In areas where no cabinet will support the countertop, it may be necessary to install support cleats. Corners are a common location where cleats can be necessary. Spaces for undercounter appliances, like dishwashers or refrigerators, may also need cleats to be attached to the wall to support the countertop. It not usually necessary to add a cleat. However, if the space between the cabinets is less than 30", it doesn't hurt to add a little extra support. Strips of scrap wood, such as the 2 x 2, work well for cleats.

  1. Measure and cut the cleat to length.

  2. Use a level to extend the line of the cabinet tops. The top of the cleat will sit even with this line.

  3. Use a stud finder or test nails to locate the framing members in the wall.

  4. Screw the cleat to the studs or framing in the wall.

Installing the Sink in the Countertop

In most cases, the kitchen sink will need to be installed in the countertop. Whether the sink mounts over or under the countertop, installing the sink before installing the countertop often makes for an easier installation. For our project, we are installing an undermounted, single-basin, stainless steel sink.

  1. Dry set the sink and mark the locations for the mounting bracket and anchor plugs.

  2. Use a 3/8” diameter diamond-tipped hole saw to drill 5/8" deep holes for the anchor plugs. Pour a little water on the surface around the hole to help keep the drill bit cool. Quick Tip: Use tape on the drill bit to mark the depth needed for the anchor holes and to prevent accidentally drilling through the top surface of the countertop.

  3. Put a small dab of two-part epoxy in the holes and insert the anchor plugs.

  4. Spread a bead of silicone around the perimeter of the sink opening to keep the assembly watertight.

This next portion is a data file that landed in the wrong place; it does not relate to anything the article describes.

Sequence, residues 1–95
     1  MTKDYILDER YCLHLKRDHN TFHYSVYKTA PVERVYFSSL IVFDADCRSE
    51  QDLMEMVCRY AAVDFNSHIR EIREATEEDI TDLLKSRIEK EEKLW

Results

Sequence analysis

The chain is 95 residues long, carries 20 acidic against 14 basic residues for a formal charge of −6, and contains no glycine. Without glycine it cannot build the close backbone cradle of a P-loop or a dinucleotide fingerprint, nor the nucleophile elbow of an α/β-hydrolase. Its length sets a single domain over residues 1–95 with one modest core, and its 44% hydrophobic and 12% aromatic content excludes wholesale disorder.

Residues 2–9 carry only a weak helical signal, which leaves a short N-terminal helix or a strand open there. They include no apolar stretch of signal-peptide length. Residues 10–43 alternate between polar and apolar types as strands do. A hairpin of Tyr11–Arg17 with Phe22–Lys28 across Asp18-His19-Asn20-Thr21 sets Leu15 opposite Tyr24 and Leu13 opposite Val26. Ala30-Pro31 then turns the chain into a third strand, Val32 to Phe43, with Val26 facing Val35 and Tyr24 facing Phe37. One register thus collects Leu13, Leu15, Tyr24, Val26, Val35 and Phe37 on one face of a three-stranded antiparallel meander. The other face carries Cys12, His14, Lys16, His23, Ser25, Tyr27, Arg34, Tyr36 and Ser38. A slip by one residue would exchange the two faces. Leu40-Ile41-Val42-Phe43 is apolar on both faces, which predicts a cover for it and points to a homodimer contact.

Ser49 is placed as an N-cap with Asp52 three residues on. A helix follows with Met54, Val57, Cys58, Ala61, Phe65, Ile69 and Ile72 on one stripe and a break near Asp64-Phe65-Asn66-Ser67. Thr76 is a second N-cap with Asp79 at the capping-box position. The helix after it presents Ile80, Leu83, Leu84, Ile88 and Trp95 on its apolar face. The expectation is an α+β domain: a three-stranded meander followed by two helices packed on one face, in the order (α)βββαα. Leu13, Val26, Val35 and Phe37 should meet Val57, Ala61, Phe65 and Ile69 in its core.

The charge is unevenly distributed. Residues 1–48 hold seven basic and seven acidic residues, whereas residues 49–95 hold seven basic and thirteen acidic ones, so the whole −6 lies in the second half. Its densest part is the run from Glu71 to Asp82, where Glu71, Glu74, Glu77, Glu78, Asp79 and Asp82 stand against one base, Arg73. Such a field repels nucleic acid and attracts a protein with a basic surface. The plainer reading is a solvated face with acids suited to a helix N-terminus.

5. Set the sink in place and check for proper alignment.

  6. Fasten the mounting brackets with screws at each of the anchors.

  7. Check the rim of the sink for a consistent seal. Re-caulk as necessary.

Installing the Faucet in the Countertop

The faucet assembly can also be installed in the countertop before setting the countertop in place. This helps to minimize the work and time spent inside the cabinet and under the countertop. Once the countertop is installed, all that remains is to connect the supply lines.

  1. Review the manufacturer’s instructions to determine the number of holes necessary for your specific faucet and mark the location of the faucet holes.

  2. Use the appropriately sized diamond hole saw to drill the faucet holes.

  3. Spread a bead of silicone sealant around the holes, per the manufacturer's instructions.

  4. Insert the faucet assembly and secure it with the mounting nuts. Hand-tighten and check for proper alignment. Then use a wrench to fully tighten the mounting nuts.

Setting the Countertop

Setting and securing the countertop in place is pretty simple. Solid-surface and natural stone countertops are typically fabricated with a thickness of 1-1/2” to 2” and can be installed directly on top of the base cabinets. The mass of the countertop and gravity will keep the countertop in place. The use of silicone sealant on top of the cabinets will create an adhesive bond and minimize any lateral movement in the countertop.

  1. Spread a bead of adhesive silicone caulking along the top edges of the cabinets. Quick Tip: Use painter's tape at the top of the cabinet face to prevent the adhesive from adhering to it.